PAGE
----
KEEPALIVE:time!interval ... KeepAliveTime and KeepAliveInterval in seconds (optional, meaning as described above). The number of keepalive probes cannot be set.
... This keyword is used to activate the TCP Keepalive option of the operating system and it can be defined for each routing entry individually.
... In Windows these values are set using IOControl.
... If time!interval is not specified or on Linux: Keepalive will be enabled via SetSocketOption using system defined values (see above).

KILLS ... for autologon routing entries: If an autologon session terminates, the dependent sessions will be terminated (at the end where the autologon rule is defined).
... So the user sessions established via an autologon client can use the time-to-live mechanism (TTL as described below) of the autologon session:
... If the server does not respond any more, all sessions via this server will be terminated.

STO:time .... time (specified in seconds) is the interval to wait for send completion on TCP sessions. On timeout the session will be terminated.
... Caution: Timeout will occur only if the send buffer is full. Not to mix up with TCP retries above!

TTL:ttl ... specific maximum idle time, Time To Live (TTL) of session in minutes
... to specify seconds: ttl must end with "s", e.g. TTL:20s
... If during this period no data has been sent or received, the session will be terminated
... If the keyword is not used: The system-wide default specified in keyword TTLDEF is used.
..... to specify seconds: DestinationPort must end with "s".
... Special meaning for autologon entries:
.... autologon sessions send a keepalive message if actual time to live (TTL) of the session is lower then 5 minutes.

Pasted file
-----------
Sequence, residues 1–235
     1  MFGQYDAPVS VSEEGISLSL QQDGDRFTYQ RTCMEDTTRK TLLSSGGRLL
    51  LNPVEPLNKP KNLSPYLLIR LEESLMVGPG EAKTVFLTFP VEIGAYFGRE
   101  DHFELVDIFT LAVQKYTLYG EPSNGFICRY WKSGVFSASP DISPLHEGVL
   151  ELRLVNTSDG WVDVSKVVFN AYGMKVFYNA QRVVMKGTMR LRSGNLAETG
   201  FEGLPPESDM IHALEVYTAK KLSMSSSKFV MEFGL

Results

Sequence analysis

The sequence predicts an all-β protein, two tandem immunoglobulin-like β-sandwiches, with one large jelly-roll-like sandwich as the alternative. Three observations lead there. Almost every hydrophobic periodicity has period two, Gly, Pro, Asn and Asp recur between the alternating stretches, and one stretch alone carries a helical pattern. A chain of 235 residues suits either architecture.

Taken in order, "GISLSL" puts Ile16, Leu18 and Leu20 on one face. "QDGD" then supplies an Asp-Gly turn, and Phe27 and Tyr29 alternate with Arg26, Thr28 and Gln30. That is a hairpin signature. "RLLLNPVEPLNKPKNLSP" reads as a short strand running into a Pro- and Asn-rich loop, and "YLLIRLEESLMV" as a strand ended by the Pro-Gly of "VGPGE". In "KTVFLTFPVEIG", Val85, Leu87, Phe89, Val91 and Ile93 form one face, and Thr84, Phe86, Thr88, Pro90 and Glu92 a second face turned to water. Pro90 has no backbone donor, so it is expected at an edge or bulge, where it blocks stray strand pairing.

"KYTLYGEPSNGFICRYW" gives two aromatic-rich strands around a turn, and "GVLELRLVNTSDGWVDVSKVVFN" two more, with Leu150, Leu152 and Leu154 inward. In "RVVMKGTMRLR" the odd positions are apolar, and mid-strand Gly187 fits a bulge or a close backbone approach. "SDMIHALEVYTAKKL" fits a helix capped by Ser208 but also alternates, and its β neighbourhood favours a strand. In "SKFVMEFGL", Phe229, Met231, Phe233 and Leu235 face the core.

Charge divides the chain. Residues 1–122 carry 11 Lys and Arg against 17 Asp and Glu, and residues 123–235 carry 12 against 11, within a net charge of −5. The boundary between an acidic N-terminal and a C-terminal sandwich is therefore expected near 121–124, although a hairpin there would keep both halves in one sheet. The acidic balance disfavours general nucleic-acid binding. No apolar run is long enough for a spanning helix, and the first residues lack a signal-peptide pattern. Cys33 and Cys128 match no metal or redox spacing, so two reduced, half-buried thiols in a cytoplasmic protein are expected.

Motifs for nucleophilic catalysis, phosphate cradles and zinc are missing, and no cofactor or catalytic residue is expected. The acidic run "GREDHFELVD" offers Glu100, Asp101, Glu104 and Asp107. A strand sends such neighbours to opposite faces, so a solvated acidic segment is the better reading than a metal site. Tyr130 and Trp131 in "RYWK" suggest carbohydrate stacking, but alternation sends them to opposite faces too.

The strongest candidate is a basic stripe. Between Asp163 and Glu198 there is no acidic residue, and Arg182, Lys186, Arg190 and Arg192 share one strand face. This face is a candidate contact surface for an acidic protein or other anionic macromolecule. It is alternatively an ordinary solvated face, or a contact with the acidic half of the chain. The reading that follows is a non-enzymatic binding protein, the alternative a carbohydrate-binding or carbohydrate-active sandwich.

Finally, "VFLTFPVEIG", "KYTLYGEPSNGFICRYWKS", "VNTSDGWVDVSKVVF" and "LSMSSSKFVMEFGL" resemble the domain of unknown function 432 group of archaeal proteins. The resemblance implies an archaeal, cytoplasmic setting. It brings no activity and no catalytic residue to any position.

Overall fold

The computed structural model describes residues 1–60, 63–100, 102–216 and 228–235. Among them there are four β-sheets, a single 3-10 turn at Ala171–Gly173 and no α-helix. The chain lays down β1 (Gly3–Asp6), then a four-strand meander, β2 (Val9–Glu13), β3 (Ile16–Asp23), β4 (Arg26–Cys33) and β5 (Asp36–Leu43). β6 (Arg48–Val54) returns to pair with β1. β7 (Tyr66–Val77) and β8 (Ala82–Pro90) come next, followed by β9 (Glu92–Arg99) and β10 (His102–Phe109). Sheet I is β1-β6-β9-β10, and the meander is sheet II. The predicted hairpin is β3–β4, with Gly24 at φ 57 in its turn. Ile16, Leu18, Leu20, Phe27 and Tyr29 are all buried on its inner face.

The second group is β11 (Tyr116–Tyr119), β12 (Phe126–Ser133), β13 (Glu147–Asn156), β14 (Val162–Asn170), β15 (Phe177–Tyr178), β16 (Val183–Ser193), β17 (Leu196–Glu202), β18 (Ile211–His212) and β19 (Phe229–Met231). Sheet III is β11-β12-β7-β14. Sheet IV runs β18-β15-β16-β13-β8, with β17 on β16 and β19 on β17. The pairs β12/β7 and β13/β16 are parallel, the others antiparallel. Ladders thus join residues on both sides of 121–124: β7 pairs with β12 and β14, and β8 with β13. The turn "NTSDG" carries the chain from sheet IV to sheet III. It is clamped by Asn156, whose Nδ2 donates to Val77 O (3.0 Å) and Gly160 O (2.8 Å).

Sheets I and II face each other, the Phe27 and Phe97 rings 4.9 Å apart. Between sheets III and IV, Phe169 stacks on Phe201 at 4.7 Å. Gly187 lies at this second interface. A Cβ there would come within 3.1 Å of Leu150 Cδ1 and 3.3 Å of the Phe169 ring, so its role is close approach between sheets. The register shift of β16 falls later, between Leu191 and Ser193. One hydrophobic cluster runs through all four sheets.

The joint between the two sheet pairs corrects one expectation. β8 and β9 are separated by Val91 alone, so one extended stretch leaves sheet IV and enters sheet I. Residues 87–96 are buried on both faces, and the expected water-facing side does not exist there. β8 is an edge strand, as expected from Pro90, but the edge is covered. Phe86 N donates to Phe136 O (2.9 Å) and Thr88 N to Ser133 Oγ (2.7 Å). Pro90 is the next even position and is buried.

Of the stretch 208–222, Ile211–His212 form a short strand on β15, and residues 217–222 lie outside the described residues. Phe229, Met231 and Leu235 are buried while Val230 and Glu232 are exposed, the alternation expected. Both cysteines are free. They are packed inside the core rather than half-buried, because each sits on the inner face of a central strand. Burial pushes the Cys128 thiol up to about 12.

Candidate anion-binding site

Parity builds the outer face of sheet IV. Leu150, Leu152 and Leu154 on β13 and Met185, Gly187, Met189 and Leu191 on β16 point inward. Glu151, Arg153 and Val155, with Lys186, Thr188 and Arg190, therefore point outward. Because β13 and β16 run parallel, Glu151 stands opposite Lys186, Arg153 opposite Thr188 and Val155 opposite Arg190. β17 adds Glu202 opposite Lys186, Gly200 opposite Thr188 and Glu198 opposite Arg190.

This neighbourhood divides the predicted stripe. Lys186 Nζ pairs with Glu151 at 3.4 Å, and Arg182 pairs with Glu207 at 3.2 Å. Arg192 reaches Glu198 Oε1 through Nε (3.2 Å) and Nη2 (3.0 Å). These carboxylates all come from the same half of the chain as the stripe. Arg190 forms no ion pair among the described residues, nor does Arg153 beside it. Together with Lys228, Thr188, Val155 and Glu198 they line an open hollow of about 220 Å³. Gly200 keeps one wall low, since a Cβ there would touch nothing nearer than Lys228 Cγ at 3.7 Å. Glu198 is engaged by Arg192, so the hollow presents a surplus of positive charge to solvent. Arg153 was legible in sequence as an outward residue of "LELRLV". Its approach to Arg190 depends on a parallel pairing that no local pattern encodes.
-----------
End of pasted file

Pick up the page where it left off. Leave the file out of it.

... Note for logon sessions:
.... The default value is set to 180 seconds.
.... A keepalive message will be sent by the client every (TTL-TINT)/3 seconds using Java script (AJAX).
.... E.g. if TTL is 180 seconds and TINT is 20 seconds, every 53 seconds a keepalive message will be sent.
.... Even if 2 keepalive messages are lost, after 159 seconds the third (successful) keepalive messages restores the session time to live.
.... Caution: If TTL is small the user may have not enough time to enter the data and/or the on-time password.

System-wide Settings:

TINT:interval ... only if GatewayIP2=manage: internal timer interval in seconds for processing of time based functions
... value of interval may be from 1 to 60. If the keyword is not used: The value of the interval is 60 seconds (1 minute).
... Every interval seconds STO and TTL of links, expiration of rules, autologon retries and sending of keepalive messages etc. will be checked.
... Recommended values for interval are: 1, 2, 3, 4, 5, 6, 10, 12, 15, 20, 30, 60
Remark: All timer based values in keywords such as RETRY, STO and TTL should be greater than TINT.

TTLDEF:ttldef ... only if GatewayIP2=manage: system-wide default for TTL in minutes
... to specify seconds: ttldef must end with "s", e.g. TTLDEF:50s
... If this keyword is not specified: Default is 60 minutes.